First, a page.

“Aaj kal ta kheldina laa. Ramro hudaina ni.”
Not appropriate to play in these times (after the earthquake,since many people have died), he says in Nepali laced with adelicious Bhutia accent. Maybe his decision not to play is simi-lar to chief minister Pawan Kumar Chamling, the CM whoabstained from the Oct. 6 Dussehra festivities as a mark of condolence to the victims. And yet, there is a point on whichthe 19-year-old monk and his friends and the 61-year-old chief minister and his government, in power for 17 years, differ.“A lot of bad things are taking place. Dams are being built where no man should go. That’s why the earthquake,” themonks in Ringhim say. Sikkim has 28 hydel projects comingup on the Teesta. For the young monks, therefore, the Sept. 18event was more than just a natural disaster. For the chief min-ister, it wasn’t.“It has been 10 years since our government initiated powerprojects in Sikkim. Earlier, too, such earthquakes happened inSikkim but at that time there was not even electricity, forgetpower projects,” the chief minister says in his defence.The hydel power debate has been on for a long time. TheLepchas, the oldest inhabitants of the state, started protesting
“THERE IS A PASSAGEIN THE
DISCOURAGING MONKSFROM EVEN INDULGINGIN SOMETHING ASCASUAL AS TICKLINGEACH OTHER.”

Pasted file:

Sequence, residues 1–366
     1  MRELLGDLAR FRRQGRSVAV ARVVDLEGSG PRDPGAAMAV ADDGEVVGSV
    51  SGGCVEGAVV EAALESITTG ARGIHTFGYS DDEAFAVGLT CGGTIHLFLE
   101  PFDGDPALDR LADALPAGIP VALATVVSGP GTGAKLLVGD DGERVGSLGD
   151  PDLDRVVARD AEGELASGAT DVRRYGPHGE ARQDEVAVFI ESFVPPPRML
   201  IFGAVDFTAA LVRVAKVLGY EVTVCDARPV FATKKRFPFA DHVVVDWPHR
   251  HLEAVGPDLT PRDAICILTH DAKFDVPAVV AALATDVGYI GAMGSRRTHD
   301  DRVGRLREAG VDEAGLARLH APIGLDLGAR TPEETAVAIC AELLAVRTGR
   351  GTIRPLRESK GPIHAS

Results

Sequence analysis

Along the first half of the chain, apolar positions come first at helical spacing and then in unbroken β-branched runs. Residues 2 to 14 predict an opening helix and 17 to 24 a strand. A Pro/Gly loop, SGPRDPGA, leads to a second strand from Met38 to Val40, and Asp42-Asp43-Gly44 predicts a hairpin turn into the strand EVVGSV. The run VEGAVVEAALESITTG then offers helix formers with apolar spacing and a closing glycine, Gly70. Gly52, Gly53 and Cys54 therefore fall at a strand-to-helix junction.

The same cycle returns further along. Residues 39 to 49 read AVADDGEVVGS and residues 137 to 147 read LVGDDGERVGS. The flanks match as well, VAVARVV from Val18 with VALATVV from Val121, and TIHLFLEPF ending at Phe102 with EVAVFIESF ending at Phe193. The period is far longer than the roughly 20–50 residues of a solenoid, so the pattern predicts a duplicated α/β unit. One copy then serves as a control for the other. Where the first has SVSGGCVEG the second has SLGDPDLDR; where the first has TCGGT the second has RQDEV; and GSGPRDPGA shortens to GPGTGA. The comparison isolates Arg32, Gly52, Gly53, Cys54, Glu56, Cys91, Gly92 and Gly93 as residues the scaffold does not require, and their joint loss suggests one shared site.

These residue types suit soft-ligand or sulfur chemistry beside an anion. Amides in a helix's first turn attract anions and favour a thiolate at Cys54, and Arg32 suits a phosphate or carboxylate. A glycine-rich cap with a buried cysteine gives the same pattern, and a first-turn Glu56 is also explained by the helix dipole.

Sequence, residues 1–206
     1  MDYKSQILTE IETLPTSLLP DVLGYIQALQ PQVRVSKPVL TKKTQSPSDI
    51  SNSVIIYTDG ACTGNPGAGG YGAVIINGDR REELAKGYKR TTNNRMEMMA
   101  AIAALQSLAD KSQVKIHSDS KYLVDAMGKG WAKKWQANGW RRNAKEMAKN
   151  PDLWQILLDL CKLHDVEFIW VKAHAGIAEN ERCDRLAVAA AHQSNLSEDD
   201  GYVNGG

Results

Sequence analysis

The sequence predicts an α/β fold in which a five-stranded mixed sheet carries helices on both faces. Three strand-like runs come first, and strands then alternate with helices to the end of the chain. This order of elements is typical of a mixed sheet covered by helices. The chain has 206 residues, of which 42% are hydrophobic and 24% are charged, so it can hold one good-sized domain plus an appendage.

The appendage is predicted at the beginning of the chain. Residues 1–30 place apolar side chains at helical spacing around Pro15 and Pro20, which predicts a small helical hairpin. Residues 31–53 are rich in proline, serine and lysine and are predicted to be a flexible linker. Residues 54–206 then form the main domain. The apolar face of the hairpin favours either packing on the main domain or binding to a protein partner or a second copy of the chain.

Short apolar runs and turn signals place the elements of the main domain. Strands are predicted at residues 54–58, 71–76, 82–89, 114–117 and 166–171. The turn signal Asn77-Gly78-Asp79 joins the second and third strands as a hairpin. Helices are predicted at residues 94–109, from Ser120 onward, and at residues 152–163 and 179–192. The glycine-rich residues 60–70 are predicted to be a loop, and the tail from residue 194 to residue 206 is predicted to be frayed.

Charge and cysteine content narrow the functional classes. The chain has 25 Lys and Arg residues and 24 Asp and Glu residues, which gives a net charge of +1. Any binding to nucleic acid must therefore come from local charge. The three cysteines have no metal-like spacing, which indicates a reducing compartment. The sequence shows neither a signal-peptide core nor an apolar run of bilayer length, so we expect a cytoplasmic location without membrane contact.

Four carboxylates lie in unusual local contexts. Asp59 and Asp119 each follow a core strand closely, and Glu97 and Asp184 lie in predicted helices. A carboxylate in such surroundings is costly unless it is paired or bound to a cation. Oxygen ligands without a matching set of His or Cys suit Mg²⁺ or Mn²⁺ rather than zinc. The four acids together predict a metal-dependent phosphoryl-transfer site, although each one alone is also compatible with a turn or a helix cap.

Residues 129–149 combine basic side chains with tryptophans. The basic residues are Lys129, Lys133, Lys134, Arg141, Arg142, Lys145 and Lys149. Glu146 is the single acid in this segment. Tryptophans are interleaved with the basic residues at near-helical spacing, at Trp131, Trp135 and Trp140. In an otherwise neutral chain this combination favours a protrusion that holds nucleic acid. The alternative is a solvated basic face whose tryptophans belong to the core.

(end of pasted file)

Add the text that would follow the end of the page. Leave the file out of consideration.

Most monks claimthey make up withstrength what theylack in skill. But thisEnchey monk provesthat talent is neverexclusive.
of the most popular languages in Sikkim arepolitics, spirituality and sport. Most of the 6,00,000residents of the state, especially in capital Gangtok,speak all three. Sometimes, a Sikkimese in questof a more exhaustive, more descriptive narrativemight merge one with another. It is not surprisingto ﬁnd in the capital, for instance, some membersof the working class mixing their spiritual beliefs with politics while discussing the government’s alleged lack of compassion inrehabilitating the people displaced by hydropower projects. Thelanguage of sport, however, is subtler and less pronounced. But you do hear it all the time in the state capital—in the form of an Arsenal sticker shining on the windscreen of a bureaucrat’s SUV outside the Secretariat; a curt conversation on M.G. Marg aboutUnited Sikkim’s poor prospects in the Durand Cup; as loud